At the end of your letter there is a portion that I am to detach and return to you which states:  “I have read this letter and agree to offer my child, as well as the JP Elementary School, my complete cooperation.”

I appreciate your letter advising me about Emma’s lack of progress in the general curriculum.  I am in receipt of Emma’s Term 2 report card which indicates that Emma needs improvement in all areas of the curriculum – most of which are 2-, indicating marginal improvement despite the interventions of her IEP.  I asked Emma’s teacher if she was being graded on the general curriculum or her IEP goals, and she informed me that she was grading Emma on her IEP.  This demonstrates that Emma is not making satisfactory progress (2-) towards her IEP goals and clearly Emma is not meeting the minimum standards of the curriculum benchmarks set forth by the Massachusetts Education Reform Act of 1993 you reference in your letter.

This is especially concerning to me as Emma’s mother given her average intellectual ability; in fact her Verbal Comprehension Index is in the 79th percentile.

I realize, as stated in your letter, Emma’s potential grade retention is due to concerns due to her inability to meet the curriculum frameworks.  Ms. Reid, Emma’s teacher, informed me of her recommendation to retain Emma at our last team meeting.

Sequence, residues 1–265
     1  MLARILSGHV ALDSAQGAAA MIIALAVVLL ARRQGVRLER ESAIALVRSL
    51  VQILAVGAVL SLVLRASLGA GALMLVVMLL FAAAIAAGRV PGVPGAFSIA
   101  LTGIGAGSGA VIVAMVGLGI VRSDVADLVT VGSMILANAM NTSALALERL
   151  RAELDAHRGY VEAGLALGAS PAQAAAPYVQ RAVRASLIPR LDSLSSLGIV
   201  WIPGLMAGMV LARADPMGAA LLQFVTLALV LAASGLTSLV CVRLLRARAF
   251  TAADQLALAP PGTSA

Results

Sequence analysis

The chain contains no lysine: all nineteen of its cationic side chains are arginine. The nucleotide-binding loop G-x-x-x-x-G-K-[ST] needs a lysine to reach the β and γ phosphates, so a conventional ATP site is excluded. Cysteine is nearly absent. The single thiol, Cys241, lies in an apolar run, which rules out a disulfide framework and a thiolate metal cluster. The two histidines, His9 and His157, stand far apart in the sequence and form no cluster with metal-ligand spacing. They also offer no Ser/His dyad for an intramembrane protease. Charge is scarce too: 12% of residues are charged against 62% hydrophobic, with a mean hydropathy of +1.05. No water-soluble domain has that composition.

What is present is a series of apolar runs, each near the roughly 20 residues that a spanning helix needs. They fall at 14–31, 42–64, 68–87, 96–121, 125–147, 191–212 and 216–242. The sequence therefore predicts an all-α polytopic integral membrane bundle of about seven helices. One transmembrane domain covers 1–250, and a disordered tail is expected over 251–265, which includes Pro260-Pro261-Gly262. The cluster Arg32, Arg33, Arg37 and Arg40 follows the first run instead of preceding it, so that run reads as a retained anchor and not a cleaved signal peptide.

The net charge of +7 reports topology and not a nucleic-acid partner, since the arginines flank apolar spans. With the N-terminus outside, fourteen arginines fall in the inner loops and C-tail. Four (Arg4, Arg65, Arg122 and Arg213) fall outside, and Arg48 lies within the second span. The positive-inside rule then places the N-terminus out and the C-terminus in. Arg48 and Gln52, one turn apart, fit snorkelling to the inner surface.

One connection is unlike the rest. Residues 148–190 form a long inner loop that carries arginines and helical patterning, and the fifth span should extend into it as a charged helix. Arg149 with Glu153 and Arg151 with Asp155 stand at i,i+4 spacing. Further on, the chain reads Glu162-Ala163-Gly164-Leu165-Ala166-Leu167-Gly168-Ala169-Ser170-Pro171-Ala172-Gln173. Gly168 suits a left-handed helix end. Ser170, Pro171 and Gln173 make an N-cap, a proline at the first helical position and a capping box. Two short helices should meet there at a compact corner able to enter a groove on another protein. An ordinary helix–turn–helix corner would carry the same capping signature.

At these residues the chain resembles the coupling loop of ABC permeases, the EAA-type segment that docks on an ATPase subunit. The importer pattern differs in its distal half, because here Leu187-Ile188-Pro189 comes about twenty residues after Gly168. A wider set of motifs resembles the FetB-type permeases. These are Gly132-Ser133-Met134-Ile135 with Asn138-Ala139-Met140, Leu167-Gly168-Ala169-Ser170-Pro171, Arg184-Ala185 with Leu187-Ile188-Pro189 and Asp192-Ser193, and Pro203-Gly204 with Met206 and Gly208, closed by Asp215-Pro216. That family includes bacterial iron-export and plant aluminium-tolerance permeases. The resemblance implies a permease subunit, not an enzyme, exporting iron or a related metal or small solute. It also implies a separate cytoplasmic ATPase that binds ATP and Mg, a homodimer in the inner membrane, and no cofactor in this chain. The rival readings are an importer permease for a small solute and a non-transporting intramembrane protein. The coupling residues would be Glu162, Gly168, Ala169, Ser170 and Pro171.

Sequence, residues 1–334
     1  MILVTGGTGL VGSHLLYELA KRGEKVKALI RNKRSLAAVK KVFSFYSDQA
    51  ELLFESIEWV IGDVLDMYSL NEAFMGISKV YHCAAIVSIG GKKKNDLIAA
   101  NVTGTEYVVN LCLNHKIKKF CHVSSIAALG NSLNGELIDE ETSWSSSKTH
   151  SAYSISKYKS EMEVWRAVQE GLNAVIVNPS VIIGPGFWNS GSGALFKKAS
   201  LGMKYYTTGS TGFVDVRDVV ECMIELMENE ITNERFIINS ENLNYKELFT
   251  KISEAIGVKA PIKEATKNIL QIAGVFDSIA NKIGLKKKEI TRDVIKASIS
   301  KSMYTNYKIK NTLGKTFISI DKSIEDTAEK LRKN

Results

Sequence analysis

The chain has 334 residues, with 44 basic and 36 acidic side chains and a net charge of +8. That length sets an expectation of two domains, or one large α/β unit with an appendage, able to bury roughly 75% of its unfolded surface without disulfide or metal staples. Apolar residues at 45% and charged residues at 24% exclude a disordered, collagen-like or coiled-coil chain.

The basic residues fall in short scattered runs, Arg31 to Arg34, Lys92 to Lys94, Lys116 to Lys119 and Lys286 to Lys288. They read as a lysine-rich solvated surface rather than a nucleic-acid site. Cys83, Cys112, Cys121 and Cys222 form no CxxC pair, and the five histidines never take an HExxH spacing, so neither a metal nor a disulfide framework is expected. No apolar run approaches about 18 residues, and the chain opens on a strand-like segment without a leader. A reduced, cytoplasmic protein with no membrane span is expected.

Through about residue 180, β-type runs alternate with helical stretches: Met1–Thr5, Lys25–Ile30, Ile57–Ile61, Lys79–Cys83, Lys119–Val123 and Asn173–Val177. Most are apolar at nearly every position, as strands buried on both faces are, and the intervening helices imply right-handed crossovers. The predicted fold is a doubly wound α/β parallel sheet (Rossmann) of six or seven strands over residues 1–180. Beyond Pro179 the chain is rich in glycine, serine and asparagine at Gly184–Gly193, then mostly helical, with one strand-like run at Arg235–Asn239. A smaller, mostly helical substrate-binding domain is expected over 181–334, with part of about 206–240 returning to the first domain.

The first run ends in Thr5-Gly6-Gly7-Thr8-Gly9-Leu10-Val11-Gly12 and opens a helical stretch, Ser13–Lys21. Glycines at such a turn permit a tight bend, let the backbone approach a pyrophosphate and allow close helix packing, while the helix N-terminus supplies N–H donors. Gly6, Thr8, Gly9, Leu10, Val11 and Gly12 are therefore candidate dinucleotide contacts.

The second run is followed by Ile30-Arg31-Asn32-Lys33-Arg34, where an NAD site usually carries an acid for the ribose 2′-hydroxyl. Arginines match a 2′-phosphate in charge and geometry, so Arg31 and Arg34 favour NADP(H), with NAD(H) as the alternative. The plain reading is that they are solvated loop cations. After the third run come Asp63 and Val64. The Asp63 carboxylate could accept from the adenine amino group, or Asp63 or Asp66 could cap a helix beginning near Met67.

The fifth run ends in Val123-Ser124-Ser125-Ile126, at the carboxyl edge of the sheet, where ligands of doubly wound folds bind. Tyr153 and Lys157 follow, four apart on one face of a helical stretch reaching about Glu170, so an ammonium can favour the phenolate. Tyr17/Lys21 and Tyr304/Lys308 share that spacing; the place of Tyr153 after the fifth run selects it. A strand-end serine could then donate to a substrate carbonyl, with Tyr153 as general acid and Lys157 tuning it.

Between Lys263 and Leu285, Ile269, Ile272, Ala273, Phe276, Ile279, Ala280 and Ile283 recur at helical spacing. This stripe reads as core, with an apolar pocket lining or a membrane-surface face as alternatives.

Given the over forty years of research on Dyslexia, my child’s intellectual ability, information provided by our family to the District coupled with all of the evaluations, the only rationale that my child is not progressing appropriately is not due to lack of research, available interventions and/or my child’s potential to learn.  It speaks rather to the resources available in the District and/or school and the District’s ability to provide my child with a Free and Appropriate Public Education.

It appears that Emma’s IEP is not designed for educational benefit and/or the services and supports that are being provided to Emma are not sufficient to remediate her deficits while simultaneously allowing Emma to meet the curriculum frameworks.  In essence, what you have outlined in your letter clearly indicates that Emma has been denied a Free Appropriate Public Education.